Compressed thus requiring more processor capacity to work with
Compressed thus requiring less disk space for storage
How to use both MJPEG and H264 to your advantage
Luckily, Xeoma employs special techniques to combine advantages of compressed H264+ streams with MJPEG’s low CPU usage – it is called Xeoma’s direct saving to the archive based on cameras’ dual streaming capability.
Read more about dual streaming here
Read more here on how it should be set up in Xeoma
Formats of recordings in Xeoma
Xeoma video security solution has various ways of saving video footage from cameras. Main ones are the “Preview and Archive” module used by default and providing its own embedded viewer; the “Save To File” module with which you can get recordings of needed length and more formats; the “Email Sending” module can save pieces of video through messages; and the “FTP Upload” can push records to an FTP server of yours.
Format of recordings: .xem (MJPEG) and .mkv (MPEG-4, H264, H265, H264+, etc.) only. Earlier versions of Xeoma had .mp4 for MPEG-4, H264, H264+, etc. instead of .mkv.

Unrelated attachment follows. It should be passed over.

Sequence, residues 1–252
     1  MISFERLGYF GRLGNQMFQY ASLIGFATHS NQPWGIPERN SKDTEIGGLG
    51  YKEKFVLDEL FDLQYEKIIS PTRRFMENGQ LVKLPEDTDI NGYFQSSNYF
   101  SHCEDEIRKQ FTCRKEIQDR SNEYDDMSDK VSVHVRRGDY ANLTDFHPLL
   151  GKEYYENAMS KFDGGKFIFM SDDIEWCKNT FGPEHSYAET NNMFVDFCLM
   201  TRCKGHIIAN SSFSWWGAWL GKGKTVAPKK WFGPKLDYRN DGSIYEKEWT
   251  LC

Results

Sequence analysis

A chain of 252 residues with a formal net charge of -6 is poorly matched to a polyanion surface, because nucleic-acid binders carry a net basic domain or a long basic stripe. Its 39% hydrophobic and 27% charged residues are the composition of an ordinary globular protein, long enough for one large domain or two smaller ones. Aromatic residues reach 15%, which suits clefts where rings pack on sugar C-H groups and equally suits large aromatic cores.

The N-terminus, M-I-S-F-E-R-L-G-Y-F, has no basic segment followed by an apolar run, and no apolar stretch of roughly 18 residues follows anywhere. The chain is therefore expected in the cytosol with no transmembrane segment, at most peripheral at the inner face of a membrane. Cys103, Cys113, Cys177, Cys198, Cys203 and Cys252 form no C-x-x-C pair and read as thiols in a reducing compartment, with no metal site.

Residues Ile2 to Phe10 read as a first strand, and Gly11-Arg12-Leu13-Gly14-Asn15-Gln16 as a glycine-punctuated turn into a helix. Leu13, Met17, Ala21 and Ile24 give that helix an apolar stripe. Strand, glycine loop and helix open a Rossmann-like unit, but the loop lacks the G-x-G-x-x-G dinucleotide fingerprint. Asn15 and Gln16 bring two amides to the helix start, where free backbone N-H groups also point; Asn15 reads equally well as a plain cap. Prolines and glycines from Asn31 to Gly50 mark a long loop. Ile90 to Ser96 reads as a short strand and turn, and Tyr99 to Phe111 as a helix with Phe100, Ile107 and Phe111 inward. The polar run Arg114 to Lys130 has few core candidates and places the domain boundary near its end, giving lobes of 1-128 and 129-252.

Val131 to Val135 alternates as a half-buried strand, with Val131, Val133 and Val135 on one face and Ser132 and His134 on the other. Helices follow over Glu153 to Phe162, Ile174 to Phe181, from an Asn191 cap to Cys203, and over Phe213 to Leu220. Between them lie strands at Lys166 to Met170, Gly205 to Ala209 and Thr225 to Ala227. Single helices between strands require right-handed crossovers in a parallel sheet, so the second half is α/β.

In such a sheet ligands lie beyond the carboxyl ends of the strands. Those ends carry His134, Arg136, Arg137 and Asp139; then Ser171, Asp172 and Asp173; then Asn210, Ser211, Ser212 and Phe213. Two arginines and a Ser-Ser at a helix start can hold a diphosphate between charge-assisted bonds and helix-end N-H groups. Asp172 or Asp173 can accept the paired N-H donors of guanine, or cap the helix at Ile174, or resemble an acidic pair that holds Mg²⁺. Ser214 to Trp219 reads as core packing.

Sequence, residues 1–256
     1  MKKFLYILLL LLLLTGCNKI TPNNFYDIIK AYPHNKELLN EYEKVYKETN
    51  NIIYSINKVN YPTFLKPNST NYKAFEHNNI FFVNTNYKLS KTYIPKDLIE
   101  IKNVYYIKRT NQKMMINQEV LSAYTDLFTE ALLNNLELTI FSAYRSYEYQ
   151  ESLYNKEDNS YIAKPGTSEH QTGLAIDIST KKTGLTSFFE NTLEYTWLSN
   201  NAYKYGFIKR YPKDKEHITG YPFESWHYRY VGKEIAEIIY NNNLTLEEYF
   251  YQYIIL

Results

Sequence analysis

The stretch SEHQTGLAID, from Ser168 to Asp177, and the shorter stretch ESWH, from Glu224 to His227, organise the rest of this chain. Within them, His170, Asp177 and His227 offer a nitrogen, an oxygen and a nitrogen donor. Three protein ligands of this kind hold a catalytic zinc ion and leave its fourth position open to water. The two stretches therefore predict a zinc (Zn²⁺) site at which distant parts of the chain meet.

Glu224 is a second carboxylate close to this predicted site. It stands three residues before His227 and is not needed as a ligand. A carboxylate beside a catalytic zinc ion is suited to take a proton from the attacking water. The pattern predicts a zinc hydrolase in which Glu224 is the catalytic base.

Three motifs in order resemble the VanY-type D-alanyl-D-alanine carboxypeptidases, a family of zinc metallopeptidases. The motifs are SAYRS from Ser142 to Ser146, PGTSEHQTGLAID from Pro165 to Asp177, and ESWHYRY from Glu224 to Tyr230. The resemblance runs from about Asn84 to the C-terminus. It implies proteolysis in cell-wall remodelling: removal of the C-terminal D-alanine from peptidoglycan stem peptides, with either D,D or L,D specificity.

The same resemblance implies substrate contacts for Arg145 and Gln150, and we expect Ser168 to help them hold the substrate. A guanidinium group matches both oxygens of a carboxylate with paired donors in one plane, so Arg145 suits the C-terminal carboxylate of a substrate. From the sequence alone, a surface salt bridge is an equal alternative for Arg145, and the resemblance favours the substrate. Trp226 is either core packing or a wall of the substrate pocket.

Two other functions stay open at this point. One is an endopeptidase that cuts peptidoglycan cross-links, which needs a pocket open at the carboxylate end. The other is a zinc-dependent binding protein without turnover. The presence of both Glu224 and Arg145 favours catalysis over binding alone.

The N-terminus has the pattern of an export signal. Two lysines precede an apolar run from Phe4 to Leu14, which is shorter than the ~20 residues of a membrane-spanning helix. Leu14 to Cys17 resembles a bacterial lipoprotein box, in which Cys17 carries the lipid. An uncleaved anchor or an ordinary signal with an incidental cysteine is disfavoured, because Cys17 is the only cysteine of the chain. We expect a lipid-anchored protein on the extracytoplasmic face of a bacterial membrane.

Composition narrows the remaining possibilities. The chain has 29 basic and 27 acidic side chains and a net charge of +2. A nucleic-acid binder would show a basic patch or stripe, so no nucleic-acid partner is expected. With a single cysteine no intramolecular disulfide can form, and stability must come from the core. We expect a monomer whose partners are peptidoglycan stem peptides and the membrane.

Format of recordings: MJPEG, VP8, VP9, MPEG-4, WMV as per your choice*
*if anything other than MJPEG is selected, decoding will be engaged which might give additional CPU load
Coming soon: How do I know what format my camera is streaming in?
As you can see, each of the two streaming format types does have its pros and cons. H264 and its ancestors are a salvation in VS systems with many cameras yet very limited network bandwidth that simply cannot be extended no matter the cost – while the requirement for powerful processor unit can be easily met with proper funds. Also, many video security solutions are obliged to keep video footage for 30 days minimum, which in systems with thousands of cameras can mean petabytes of storage required. Compressed streams help here a lot, allowing to reduce the storage requirements.
While MJPEG is a simple and wonderful solution in systems where it’s the processor capacity that is critical, not network or disk space.
Choose what’s best for you – Xeoma got you covered in any case!
7 May 2021
Reducing CPU load: full guide